A study was carried out by two third year psychology students to investigate Piaget's stage theory. A 4 years old female child was tested in task of comprehension of more and less, followed standard and modified versions of conservation and class inclusion tasks. Results indicated that child exhibited difficulties in both modified conservation and class inclusion tasks despite the removal of some confounds in standard tasks. This infers that children of pre-operational stage do lack the ability to conserve and categorize objects, as predicted by Piaget. Further research need to address children's numerical abilities, as well as attending to perceptive seductions. This research needs to compare children who are able and unable to attend to number logics, as well as modifying the class inclusion task so that perceptive seduction cannot take place.
Child in the preoperational stageMany researchers have been interested in various confounds which are present in Jean Piaget's stage theories. His studies have postulated that children in the pre-operational stage lack the ability to perform conservation and class inclusion tasks (White, Hayes, Livsey, 2005). The methodologies of the study however, have been criticized by many researchers. Flaws and alternatives found in the standard Piagetian tasks include conversational confusions, perceptual seduction, and linguistic misunderstandings (Light, 1986, Siegel, 1978, 2003, Meadows, 1988). These issues have been addressed with modifications to the standard tasks. Majority of the research have found modified tasks to be better predictors of child's abilities in conservation and class inclusion tasks. (Light, 1986, Siegel, 1978, 2003, Meadows, 1988).
According to Piaget's stage theory, children in the pre-operational stage are non-conservers (White et al, 2005). Their tendency of centration causes them to focus on only one aspect of the problem at a time (White et al, 2005). This implies that they are unable to comprehend that quantitative properties of certain objects remain unchanged despite changes in its appearance (White et al, 2005). For example, pre-operational children typically judge water of the same volume to be more, after the transformation in standard liquid conservation tasks (Siegal, 2003). A problem in this procedure however, lies within the confusion caused by children's conversational experience (Siegal, 2003). This theory proposes that rather than actually responding to the logic behind the transformations of the liquid, children misinterprets the repetition of the same question as a cue to switch their answer in order to please the adult experimenter (Siegel, 2003).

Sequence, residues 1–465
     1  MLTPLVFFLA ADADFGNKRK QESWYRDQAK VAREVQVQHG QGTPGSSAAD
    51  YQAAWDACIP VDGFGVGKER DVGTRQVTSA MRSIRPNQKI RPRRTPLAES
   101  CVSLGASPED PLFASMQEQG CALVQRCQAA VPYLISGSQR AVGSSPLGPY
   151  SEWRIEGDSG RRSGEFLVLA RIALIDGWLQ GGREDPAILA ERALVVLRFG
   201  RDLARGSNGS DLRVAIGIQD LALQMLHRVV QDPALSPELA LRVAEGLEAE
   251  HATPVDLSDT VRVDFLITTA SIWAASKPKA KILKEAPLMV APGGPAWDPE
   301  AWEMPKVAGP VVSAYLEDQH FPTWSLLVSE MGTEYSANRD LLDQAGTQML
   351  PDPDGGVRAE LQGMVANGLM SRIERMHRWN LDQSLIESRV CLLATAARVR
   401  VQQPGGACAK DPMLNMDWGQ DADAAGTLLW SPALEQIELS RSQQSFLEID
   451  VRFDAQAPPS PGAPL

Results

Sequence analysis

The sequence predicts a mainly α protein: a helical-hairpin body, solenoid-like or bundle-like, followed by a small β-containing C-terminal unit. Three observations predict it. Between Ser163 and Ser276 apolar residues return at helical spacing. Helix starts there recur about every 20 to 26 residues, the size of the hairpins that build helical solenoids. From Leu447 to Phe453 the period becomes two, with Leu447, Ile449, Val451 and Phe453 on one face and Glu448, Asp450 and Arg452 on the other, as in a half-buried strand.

To address conversational confusion, liquid conservation tasks had been modified by the means of incidental transformation (Light, 1986). The intention of this modification is to contextualize the intentions of adults in repeating the same question. Light (1986) administered the standard Piagetian conservation procedure up to the point when both beakers of the same size and volume. However, during the transformation, the experimenter "incidentally" noticed that one of the beakers was chipped, and found a taller and thinner beaker as the replacement container for the original content. The result found that only 5 percent of children correctly responded to the conservation task in the standard condition, while 70 percent correctly responded to the incidental condition (Light, 1986).
An alternative to Piaget's theory of conservation is that non-conservers may actually be perceptually seduced (Siegel, 2003). This theory postulates that children pay more attention to the post-transformation state and disregards the pre-transformation state(Siegel, 2003). They fail the question about conservation because all of their attention are diverted into the new state and they perceive it as different from the old state (Siegel, 2003). Research had shown that children who do not witness the process of...
References: ight, P. C.(1986). Context, conservation and conversation. In M. Richards. & P. Light (Eds.) Children of social worlds : Development in a social context. Cambridge, U.K.: Polity Press.
Meadows S (1988) Piaget 's contribution to understanding cognitive development. In K Richardson & S. Sheldon (Eds.) Cognitive Development to Adolescence. Hove: Lawrence Erlbaum.
Siegel, L., McCabe A., Brand J, & Mathews J (1978) Evidence for understanding of class inclusion in preschool children: Linguistic factors and training effects. Child Development, 49, 688-693.
Siegal, M. (2003). Cognitive development. In A. Slater & G. Bremner (Eds.) An introduction to developmental psychology. Malden, MA: Blackwell. Chapter 8White. F, Hayes. B, Livesey. D (2005). Evaluating Piaget 's claims: Preoperational period. Developmental Psychology: From infancy to adulthood .Pearson Prentice Hall. Chapter 5
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